Wednesday, September 11, 2013

Glenn Gould Plays Arnold Schoenberg

For Schoenberg, as for his predecessors the great 19th century composers, the piano was always the solo instrument par excellence, the instrument of confessions and of work, and the most complete of all. Unlike Bartok or Prokofiev, however, Schoenberg was not a virtuoso pianist. This did not prevent him from adding to the piano repertoire five essential works standing out, one might say, as milestones in his creative evolution - with the two exceptions of this, so-called "expressionist", period and of his last period, the baroque-like splendor of wich nonetheless saw the composition of the Piano Concerto. From his earliest Lieder, Op. 1, 2 & 3, Schoenberg showed a predilection for the keyboard, from wich he was endeavoring to draw effects of an almost symphonic richness. When, after the Gurre-Lieder, Pelleas und Melisande, the First Quartet, and the Chamber Symphony, Op. 9, he was no longer satisfied with the "extented tonality" of the Second Quartet and wished to make a permanent break with the habits of centuries, it was to the piano that he turned. The Three Pieces for Piano, Op. 11, wich he composed simultaneously with the song-cycle Das Buch des hängenden Gärten, Op. 15, were completed on August 7, 1909 and given their initial performance at the end of that year. The first and second of these pieces still show distinctly romantic influences. Ideed Schoenberg would remain faithfull to certain formulae inherited from Brahms, but he placed them in an entirely new context, using a determinedly atonal language with increasingly close polyphony, while tending toward the "total chromaticism" and the "perpetual variation" that were to become principles in serial twelve-tone technique ; in these pieces he already avoided perfect chords, cadences, doublings at octave, and above all, literal thematic recapitulations...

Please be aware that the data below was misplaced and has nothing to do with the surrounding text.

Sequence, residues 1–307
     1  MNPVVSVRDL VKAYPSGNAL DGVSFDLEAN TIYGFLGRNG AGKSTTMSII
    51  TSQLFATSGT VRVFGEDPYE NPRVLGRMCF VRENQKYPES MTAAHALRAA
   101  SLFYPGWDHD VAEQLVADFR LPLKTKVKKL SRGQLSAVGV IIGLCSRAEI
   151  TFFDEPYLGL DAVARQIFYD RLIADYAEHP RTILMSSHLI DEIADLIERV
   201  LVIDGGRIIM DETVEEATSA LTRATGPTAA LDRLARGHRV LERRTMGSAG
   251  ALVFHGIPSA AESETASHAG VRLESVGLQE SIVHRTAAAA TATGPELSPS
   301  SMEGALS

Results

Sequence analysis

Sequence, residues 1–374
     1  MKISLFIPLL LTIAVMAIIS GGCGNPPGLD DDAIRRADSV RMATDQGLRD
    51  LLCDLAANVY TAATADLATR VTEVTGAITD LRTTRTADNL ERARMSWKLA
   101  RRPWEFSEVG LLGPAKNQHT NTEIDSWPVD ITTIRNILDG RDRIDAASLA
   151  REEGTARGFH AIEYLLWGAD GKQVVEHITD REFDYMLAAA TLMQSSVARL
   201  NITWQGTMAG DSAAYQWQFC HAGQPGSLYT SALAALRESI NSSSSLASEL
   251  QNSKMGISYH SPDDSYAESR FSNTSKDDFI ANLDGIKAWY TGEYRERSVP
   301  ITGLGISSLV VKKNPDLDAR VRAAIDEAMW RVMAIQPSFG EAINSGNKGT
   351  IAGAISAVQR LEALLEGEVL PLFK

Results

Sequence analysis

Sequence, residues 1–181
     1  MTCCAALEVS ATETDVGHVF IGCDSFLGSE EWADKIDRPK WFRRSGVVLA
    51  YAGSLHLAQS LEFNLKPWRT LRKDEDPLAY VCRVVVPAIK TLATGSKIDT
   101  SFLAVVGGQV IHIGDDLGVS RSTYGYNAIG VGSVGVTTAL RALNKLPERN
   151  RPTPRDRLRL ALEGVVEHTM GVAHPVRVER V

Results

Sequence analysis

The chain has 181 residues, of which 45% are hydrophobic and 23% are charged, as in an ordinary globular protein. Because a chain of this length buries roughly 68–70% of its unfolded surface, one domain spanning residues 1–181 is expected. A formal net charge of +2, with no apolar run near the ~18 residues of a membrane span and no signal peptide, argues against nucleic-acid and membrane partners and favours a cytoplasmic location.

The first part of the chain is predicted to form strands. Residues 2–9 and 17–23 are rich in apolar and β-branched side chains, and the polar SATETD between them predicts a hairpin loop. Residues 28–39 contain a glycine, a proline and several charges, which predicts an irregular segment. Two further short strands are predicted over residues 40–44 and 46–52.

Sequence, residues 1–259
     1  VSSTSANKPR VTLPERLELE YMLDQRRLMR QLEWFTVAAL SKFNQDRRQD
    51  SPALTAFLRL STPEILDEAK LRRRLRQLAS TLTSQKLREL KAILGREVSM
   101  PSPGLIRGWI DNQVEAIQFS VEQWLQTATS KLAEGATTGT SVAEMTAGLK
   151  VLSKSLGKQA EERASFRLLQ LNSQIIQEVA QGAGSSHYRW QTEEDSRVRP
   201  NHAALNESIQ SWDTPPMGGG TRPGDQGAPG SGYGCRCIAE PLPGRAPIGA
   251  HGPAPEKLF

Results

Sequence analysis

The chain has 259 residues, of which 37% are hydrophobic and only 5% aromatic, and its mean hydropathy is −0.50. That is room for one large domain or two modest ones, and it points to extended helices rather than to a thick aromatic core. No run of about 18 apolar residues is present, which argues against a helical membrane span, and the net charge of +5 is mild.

From the booklet, H.-L. de La Grange (Translated by Robert Cushman)

Glenn Gould
Arnold Schoenberg
 Piano Music


Drei Klavierstücke, Op. 11
1 I. Mässig  4:08
2 II. Sehr langsam  8:19
3 III.Bewegt  2:33

Fünf Klavierstücke, Op. 23
4 I. Sehr langsam  2:35
5 II. Sehr rasch  1:58
6 III.Langsam  4:26
7 IV. Schwungvoll  2:46
8 V. Walzer   2:49

Sechs kleine Klavierstücke, Op. 19
9 I. Leicht, zart  1:26
10 II. Langsam  1:03
11 III.Sehr langsam  0:49
12 IV. Rasch, aber leicht  0:22
13 V. Etwas rasch  0:27
14 VI. Sehr langsam   1:17

Suite für Klavier, Op.25
15 I. Prelude  0:50
16 II. Gavotte, Musette  4:40
17 III.Intermezzo  5:28
18 IV. Menuet & Trio  3:53
19 V. Gigue  2:32

Klavierstücke, Op.33a & b
20 I. Mässig  2:40
21 II. Mässig - Langsam   4:21



Glenn Gould - p

Recorded at 30th Street Studio, New York City ; June 30 & July 1, 1958 [# 1-3] ; September 28-29 and November 16 & 18, 1965 [# 4-8] ; June 29, 1964 and September 28-29, 1965 [# 9-14] ; January 1964 [# 15-19] ; & November 1965 [# 20-21]


jazzlover said...

This Canadian is the best classic piano player ever. I've almost all works from him include this overture Shoenberg. Great post for the colectors of Classics

Melanchthon said...

fcapeau said...

Yes, Thank you to remind us of one Prince of the piano ! Remember he was a close friend of Bill Evans.

Unknown said...

Es una lástima que el link ya no esté disponible.

Is a pity that the link is no longer available. :(